Wednesday, May 22, 2013 - 09:45

We are fortunate enough at STEM Fuse to work with thousands of innovative schools and terrifically talented teachers across all 50 states (that was close New Mexico) and three foreign countries.     For a guy who started STEM Fuse in 2010 at his kitchen table because he thought he was going to get fired from his “day job” (long story, I was in college admissions and recruitment  for STEM related degrees and there were not enough students in local high schools interested in those fields to pull from – ouch!)  Our growth has been very fun and rewarding to see. It has not been unexpected however.  Common sense has to win once in a while.

Over just the past three years I can tell you first-hand the difference in thinking among educators and it is going to produce tremendous results for our students and our country – mark it down.  In 2010 I used to hear from administrators, curriculum directors, teachers and parents that game design & development wasn’t a viable course.  I heard lots of “the last thing we need are teenagers playing more video games” or “no way parents are going to like us adding that”.  And yet at the very same time I was hearing about how tech-ed / CTE courses, budgets and teachers were getting cut because of lack of student interest. I knew that first hand too, I thought it was going to cost me a good job.

That always seemed off to me, hearing “we can’t attract and inspire students to pursue technology / STEM education” in same breath with “we can’t add a game design course because…”.  Um what?  Then MIT, Georgia Tech, UCLA & USC, Stanford, Cal Poly Tech and on and on and on started providing studies that should have shocked no one.  Their conclusions, “games attract students and hold their attention”.  Well, duh.  Turns out games ARE THEE perfect tool to teach STEM.

What a difference a few years make.  Now in 2013 education has mostly moved past the debate (I still hear form a few holdouts, come on in the water is warm!)as to whether games belong in education to now, how do we best implement games into education.   For those skeptics reading this when I talk about game design & development courses I do not mean playing games.  I mean designing, developing, programming, animating, engineering, testing and editing a complicated technical project that just happens to result in a video game.  I mean some serious math, physics, designing, programming, project management skills being utilized.  The exact skills that U.S. employers , along with the U.S. Department of Labor now say we need 3 MILLION more workers trained with.  Did you catch that?  We are right now short 3 MILLION workers who are trained in STEM areas.  In this era of bubbles, bailouts, massive layoffs and the very worst stretch of unemployment since the Great Depression to have 3 million open jobs that we don’t have the properly trained workers for is unacceptable. Fact is we need to engage students, we need to inspire them and we need them to explore all facets and opportunities related to STEM. We need games.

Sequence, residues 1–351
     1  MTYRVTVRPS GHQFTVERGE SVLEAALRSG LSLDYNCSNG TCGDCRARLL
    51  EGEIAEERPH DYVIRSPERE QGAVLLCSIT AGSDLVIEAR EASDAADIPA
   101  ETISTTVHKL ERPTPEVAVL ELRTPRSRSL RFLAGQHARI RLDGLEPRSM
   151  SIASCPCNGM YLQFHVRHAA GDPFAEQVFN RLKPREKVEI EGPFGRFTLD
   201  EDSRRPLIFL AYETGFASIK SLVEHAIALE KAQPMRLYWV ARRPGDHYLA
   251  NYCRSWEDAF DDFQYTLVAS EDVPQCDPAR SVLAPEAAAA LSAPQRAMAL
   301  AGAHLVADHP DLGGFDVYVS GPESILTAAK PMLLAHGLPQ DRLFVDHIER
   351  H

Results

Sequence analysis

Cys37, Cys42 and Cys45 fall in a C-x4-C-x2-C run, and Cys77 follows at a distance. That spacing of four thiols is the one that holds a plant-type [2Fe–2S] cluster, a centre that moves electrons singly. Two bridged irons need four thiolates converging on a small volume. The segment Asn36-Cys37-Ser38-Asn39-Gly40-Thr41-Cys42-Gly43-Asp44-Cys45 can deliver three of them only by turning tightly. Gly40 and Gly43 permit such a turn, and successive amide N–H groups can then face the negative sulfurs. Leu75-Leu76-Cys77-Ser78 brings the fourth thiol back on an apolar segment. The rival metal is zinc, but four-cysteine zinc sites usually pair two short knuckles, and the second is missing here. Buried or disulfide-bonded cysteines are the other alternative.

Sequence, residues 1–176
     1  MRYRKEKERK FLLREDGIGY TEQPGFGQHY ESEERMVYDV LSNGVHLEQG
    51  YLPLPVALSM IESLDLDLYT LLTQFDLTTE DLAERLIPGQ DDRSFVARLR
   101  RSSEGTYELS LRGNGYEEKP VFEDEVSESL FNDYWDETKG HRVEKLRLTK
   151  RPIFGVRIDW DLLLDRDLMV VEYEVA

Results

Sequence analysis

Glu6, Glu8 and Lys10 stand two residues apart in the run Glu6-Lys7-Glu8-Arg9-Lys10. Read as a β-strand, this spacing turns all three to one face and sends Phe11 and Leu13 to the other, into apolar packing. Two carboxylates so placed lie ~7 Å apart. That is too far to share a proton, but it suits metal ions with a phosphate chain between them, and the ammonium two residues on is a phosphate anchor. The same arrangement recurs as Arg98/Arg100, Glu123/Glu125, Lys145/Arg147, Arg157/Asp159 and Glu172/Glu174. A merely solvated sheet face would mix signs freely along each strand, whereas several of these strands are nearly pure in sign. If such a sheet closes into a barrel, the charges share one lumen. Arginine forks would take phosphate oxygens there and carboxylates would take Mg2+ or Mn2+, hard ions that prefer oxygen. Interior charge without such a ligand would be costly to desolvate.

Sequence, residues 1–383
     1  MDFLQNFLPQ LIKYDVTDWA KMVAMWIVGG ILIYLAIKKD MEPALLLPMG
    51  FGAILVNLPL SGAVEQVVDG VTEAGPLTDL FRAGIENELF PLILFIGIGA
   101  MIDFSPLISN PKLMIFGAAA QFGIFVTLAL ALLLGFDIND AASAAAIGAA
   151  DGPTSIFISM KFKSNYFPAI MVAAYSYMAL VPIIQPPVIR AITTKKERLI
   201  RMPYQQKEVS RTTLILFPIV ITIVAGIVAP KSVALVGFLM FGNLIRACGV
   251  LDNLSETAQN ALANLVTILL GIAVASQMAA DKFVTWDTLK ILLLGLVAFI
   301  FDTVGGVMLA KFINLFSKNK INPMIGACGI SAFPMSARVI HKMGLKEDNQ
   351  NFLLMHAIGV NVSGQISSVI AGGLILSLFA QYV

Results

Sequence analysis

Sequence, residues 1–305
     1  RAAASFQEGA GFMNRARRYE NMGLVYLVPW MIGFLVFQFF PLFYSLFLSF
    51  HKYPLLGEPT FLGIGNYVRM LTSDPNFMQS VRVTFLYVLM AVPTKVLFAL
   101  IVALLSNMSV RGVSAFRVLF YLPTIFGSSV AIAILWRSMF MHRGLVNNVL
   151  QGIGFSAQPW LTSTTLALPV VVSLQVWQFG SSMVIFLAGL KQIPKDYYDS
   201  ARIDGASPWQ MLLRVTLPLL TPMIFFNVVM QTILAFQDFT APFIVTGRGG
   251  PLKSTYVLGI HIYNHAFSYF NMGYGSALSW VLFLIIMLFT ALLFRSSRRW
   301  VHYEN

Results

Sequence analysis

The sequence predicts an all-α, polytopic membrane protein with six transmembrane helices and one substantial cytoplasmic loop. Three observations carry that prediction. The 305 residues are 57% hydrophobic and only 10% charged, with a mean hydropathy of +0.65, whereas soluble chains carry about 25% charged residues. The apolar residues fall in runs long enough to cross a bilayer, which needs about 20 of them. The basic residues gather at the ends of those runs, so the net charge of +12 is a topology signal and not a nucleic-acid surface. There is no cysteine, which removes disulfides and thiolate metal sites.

Our 2013 game maker contest – Got Game? – is a terrific showcase as to what our students are capable of.  In fact Google and checkout any game making competition 2013 and see for yourself what students are building.  The game projects are usually completed in teams and usually from original ideas.  It is not hard to imagine how all of those technical and soft skills can be applied to countless other jobs across multiple industries.

We need games.  And we are now smart (and innovative) enough to know it.

Carter, Founder


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